Keywords: Nitrification, Nitrification inhibition, DMPP, Nitrate losses.
Nitrification inhibitors delay the nitrification of applied nitrogen in soils by temporarily suppressing the oxidation of ammonium nitrogen. They are an effective means of reducing environmental problems related to nitrate in agricultural soils and in increasing the efficiency of fertiliser nitrogen. Although several chemicals are known to reduce the rate of nitrification, only a few comply with the requirements for commercial products. The active ingredient has to depress the oxidation of ammonium to nitrite to avoid a build-up of nitrite in the soil, it must not be phytotoxic, toxic/ecotoxic and must behave acceptably in the environment.
By preserving applied ammonium nitrogen, leaching of nitrate as well as emissions of gaseous compounds like nitric oxide, nitrogen dioxide and nitrous oxide during nitrification and denitrification are reduced. Its effective period must last long enough to bridge critical periods of under-developed root systems or reduced nitrogen need of crops, but it must phase out to provide enough nitrogen when the growth of the crops accelerates.
Only two products had been introduced successfully into the market (2-chloro-6-(trichloromethyl)pyridine in North America and dicyandiamide in Europe). BASF Aktiengesellschaft has in recent years started the development of the new substance 3,4 dimethlypyrazole-phosphate (DMPP) which is highly effective and can be fixed within granular fertilisers. The high effectiveness of DMPP also renders its use economic in general agriculture. The product gives no cause for concern with regards to toxicology, ecotoxicology and behaviour in the environment. It was shown that nitrate leaching was reduced – depending on the water regime of the soil – by about half, and that the emission of greenhouse gases decreased by a comparable amount.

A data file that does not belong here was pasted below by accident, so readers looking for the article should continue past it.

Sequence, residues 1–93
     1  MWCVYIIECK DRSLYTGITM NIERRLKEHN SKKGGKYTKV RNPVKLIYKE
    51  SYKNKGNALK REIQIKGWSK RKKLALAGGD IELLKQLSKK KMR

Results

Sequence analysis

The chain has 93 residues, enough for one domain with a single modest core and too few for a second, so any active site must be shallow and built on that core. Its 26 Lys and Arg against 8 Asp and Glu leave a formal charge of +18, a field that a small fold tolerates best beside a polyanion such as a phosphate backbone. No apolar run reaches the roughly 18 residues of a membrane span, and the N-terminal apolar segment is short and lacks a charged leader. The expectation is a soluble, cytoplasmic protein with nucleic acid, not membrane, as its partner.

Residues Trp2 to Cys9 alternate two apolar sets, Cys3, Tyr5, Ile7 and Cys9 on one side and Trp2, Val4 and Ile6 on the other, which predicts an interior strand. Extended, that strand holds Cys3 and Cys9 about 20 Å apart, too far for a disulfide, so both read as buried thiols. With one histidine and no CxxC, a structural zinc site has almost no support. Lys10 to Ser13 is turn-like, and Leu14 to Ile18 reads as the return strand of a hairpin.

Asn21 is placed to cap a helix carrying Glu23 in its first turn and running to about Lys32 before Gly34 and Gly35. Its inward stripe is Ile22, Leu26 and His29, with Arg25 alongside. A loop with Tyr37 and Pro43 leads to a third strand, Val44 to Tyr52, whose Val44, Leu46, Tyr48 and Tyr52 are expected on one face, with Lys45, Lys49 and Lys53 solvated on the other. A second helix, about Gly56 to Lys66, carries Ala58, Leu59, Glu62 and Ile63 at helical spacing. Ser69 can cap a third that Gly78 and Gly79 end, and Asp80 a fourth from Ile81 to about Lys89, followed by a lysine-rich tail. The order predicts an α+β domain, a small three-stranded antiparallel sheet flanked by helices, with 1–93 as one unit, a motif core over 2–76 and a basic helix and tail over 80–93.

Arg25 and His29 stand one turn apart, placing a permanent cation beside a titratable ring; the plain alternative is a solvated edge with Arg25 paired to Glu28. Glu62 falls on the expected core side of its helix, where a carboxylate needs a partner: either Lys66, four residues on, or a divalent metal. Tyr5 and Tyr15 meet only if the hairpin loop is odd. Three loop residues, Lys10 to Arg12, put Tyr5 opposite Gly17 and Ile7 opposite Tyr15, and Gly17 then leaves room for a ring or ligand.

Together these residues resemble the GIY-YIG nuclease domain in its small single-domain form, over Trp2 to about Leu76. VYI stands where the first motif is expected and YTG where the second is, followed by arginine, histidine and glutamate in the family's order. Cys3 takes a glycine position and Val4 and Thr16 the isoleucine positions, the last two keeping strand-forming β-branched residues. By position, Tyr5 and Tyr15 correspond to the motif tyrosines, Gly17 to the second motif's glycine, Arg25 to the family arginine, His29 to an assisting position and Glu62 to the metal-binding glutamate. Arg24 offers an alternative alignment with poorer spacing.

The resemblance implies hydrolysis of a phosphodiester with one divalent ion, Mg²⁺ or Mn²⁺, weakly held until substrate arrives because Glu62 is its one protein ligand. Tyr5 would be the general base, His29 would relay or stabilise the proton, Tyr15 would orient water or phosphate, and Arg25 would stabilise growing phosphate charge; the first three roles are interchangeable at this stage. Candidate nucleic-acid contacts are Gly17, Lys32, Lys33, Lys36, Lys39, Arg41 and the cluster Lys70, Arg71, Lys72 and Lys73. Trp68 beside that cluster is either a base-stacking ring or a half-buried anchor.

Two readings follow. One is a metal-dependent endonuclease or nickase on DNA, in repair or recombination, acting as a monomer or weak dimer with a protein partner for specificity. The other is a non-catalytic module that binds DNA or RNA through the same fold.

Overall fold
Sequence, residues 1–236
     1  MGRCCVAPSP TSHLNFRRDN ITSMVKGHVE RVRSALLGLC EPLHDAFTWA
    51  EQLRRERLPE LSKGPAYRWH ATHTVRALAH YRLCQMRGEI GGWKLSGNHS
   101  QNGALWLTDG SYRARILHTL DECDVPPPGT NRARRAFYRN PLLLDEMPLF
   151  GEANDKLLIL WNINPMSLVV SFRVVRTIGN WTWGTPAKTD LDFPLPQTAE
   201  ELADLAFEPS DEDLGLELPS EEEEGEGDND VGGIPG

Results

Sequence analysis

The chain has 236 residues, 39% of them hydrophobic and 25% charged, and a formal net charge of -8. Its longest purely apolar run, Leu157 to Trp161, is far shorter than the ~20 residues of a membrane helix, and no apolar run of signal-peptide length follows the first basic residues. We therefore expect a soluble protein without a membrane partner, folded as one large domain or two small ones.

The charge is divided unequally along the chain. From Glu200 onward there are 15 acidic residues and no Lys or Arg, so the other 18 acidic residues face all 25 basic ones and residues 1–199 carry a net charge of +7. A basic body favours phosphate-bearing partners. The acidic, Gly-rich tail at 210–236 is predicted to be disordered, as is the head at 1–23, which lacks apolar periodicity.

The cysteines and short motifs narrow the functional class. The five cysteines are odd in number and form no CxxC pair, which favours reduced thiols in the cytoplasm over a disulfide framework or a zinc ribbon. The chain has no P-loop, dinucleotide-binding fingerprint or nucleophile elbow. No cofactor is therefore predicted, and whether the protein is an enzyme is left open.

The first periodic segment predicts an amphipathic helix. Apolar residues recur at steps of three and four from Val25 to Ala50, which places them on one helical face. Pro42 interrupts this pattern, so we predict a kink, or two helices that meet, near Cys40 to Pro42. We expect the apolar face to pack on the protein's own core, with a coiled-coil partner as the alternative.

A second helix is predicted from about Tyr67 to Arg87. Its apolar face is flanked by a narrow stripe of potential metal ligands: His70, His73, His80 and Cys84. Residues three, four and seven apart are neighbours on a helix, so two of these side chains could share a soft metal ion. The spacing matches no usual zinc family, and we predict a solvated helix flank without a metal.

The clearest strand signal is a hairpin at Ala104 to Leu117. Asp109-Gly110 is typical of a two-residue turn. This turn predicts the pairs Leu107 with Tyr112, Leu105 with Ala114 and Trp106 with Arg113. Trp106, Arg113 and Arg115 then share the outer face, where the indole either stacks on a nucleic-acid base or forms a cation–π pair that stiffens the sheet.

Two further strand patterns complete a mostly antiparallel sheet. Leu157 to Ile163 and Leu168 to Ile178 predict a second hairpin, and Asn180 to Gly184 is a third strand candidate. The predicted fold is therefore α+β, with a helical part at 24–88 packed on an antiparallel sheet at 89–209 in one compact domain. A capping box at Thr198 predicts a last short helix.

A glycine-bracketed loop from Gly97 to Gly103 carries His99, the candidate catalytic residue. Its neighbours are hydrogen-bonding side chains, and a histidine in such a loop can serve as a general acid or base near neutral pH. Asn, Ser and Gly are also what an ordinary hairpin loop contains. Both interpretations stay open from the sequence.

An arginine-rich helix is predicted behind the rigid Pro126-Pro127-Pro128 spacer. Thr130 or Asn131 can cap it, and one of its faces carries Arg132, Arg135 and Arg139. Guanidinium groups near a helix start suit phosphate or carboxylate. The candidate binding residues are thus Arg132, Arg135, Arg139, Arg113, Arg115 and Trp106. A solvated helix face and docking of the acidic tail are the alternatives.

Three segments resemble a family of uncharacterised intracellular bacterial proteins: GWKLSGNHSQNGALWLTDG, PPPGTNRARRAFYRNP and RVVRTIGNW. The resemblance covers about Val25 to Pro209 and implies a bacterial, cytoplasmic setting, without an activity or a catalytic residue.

Farmers and vegetable growers benefit from its use by either reduced nitrogen rates or increased yield, by a lower number of fertiliser applications and – often – improved quality and increased proportion of marketable yield. Leaf vegetables show a darker green and thus look more attractive, several vegetables species have a lower nitrate content at harvest and the starch content of potatoes is often improved. While a lower protein content is preferred for malting barley it might be a disadvantage for milling wheat; it is therefore recommended that a conventional nitrogen fertiliser is used for the top dressing of this crop.
The new nitrification inhibitor DMPP from BASF achieved registration in several European countries and has been well accepted in its first commercial season.
Drs Wolfram Zerulla, Karl-Friedrich Kummer, Alexander Wissemeier and Matthias RÃƒÂ¤dle, Fertilizer Development, BASF Limburgerhof, Germany.
23 pages, 12 figures, 3 tables, 37 refs.